Total ankle replacement (TAR) is recommended for severe ankle pain which has not responded to conservative treatment: weight loss, activity modification, physical therapy, anti-inflammatory medication and cortisone injections. Severe ankle pain can result from the following:
Ankle pain can manifest in the shin, ankle, and shin. It usually increases with activity and alleviates with rest. It may occur at night and prevent sleep. This pain is associated with stiffness, limping and functional limitation which significantly affects quality of life.
A TAR is the surgical implantation of an artificial ankle (prosthesis). The worn out joint surfaces of the end of the shin bone (tibia) and the top of the ankle bone (talus) are removed. Extreme care using precise instruments are used to insure a level surface for the implant. A metal and plastic implant is inserted into the prepared bone ends to create a new joint surface. Because the artificial ankle joint has smooth surfaces, like cartilage, complete, or near complete, pain relief is experienced which allows improved motion, enhanced function and less limping.
Ankle replacements have become better designed and more successful. A good candidate is older, less active with an average body weight. Therefore, a poor candidate is young (under 50 years old), active and overweight. For this group with disability and chronic pain an ankle fusion surgery may be more appropriate than a joint replacement.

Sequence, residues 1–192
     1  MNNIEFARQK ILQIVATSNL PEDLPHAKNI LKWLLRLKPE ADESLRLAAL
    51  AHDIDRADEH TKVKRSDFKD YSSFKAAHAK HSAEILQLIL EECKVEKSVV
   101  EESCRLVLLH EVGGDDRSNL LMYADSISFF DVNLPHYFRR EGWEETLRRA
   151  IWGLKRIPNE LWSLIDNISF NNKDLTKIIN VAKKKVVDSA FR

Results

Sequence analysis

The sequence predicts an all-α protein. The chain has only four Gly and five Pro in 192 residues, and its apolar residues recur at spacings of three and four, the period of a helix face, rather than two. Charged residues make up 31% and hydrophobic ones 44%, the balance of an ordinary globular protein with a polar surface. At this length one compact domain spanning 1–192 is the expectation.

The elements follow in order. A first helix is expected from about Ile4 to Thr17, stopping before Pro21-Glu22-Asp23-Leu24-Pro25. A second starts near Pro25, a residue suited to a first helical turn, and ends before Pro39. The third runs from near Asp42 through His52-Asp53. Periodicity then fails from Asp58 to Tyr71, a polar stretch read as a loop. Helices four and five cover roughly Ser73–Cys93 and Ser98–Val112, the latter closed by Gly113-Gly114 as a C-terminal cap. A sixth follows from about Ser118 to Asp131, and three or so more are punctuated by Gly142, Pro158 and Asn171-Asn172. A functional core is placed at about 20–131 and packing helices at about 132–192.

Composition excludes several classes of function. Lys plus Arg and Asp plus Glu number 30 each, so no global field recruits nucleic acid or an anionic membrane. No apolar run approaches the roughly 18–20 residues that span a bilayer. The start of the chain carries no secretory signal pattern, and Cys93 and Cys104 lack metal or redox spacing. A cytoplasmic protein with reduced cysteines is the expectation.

Predicting the longevity of a TAR on an individual basis is impossible. According to Guido LaPorta, DPM, ankle implants of the 1970’s were not good and resulted in poor outcomes. Those of the 1990’s were good but not great. However, there is an 82 to 90% chance that new TAR’s will last 10-12 years in the appropriate patient.
Recovery following TAR takes 12 weeks. The ankle may be warm/swollen for 3 to 6 months (ice and elevation will help). The ankle will show improvements in function for up to a year. Overall a TAR relieves pain and stiffness, improves mobility and restores quality of life! Instead of limping in pain, you will return to walking painfree and maybe playing golf!
Contributor: Guido LaPorta, DPM, is president of LaPorta and Associates, a podiatric group with several offices in Northeast PA. He is also director of the podiatry residency program at Community Medical Center in Scranton, PA.
SOURCES: Rothman Institute, Philadelphia, PA and American Academy of Orthopaedic Surgeons
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This article is not intended as a substitute for medical treatment. If you have questions related to your medical condition, please contact your family physician. For further inquires related to this topic email: firstname.lastname@example.org
Paul J. Mackarey PT, DHSc, OCS is a Doctor in Health Sciences specializing in orthopaedic and sports physical therapy. Dr. Mackarey is in private practice and is an associate professor of clinical medicine at The Commonwealth Medical College.